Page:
* "Bare" ASCII strings that immediately follow the Vendor-Id,
without using a Vendor type or Vendor length.
All VSA schemes that do not follow the [RFC2865] recommendations are
NOT RECOMMENDED. These non-standard formats will typically not be
implementable without RADIUS server code changes. This includes all
the above formats, as well as Vendor types of more than 8 bits,
vendor lengths of less than 8 bits, vendor lengths of more than 8
bits and Vendor-Specific contents that are not in Type-Length-Value
format.
Although [RFC2865] does not mandate it, implementations commonly
assume that the Vendor Id can be used as a key to determine the on-
the-wire format of a VSA. Vendors therefore SHOULD NOT use multiple
formats for VSAs that are associated with a particular Vendor Id. A
vendor wishing to use multiple VSA formats SHOULD request one Vendor
Id for each VSA format that they will use.
3. Data Model Issues
Since the closure of the RADIUS Working Group, the popularity and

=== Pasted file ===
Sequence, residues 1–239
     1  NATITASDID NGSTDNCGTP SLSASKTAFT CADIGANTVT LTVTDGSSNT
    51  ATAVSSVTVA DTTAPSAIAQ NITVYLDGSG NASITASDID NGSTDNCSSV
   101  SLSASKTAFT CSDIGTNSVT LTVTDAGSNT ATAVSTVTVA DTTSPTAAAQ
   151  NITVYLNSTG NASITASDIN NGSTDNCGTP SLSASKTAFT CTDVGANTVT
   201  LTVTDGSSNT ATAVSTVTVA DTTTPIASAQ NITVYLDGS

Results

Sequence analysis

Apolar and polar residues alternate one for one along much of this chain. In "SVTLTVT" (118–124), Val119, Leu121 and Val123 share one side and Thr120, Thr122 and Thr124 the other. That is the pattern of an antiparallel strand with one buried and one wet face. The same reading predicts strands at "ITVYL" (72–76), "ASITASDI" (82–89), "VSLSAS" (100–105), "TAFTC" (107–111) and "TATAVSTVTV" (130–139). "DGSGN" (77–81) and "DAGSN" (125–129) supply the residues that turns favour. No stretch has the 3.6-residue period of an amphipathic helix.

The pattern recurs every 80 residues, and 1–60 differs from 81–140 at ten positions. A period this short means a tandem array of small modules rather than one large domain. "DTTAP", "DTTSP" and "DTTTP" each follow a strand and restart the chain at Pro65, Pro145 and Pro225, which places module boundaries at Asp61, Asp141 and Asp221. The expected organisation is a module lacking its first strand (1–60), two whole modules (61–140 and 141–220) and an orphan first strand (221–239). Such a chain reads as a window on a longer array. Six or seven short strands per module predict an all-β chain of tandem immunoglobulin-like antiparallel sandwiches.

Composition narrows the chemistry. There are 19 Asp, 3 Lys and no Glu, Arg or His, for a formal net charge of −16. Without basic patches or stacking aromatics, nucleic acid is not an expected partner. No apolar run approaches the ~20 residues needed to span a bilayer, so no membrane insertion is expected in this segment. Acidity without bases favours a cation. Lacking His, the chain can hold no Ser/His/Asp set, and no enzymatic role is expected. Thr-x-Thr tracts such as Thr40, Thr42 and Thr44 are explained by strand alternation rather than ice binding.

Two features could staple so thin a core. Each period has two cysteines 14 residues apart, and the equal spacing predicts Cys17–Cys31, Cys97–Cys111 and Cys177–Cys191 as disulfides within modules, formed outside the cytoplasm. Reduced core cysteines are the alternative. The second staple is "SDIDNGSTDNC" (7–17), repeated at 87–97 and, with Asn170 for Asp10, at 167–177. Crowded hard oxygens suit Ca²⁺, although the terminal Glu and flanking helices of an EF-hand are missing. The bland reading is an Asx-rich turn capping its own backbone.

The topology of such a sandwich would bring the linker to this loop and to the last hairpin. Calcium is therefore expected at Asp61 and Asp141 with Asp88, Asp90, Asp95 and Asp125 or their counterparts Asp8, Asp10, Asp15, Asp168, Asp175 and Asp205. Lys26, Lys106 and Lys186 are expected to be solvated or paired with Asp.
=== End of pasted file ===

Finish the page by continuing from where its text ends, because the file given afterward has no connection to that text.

prevalence of RADIUS has continued to grow. In addition to
increasing demand for allocation of attributes within the RADIUS
standard attribute space, the number of vendors and SDOs creating new
attributes within the Vendor-Specific attribute space has grown, and
this has lead to some divergence in approaches to RADIUS attribute
design.
In general, standard RADIUS attributes have a more constrained data
model than attributes within the vendor space. For example, vendors
and SDOs have evolved the data model to support new functions such as
attribute grouping and attribute fragmentation, with different groups
taking different approaches.
Given these enhancements, it has become difficult for vendors or SDOs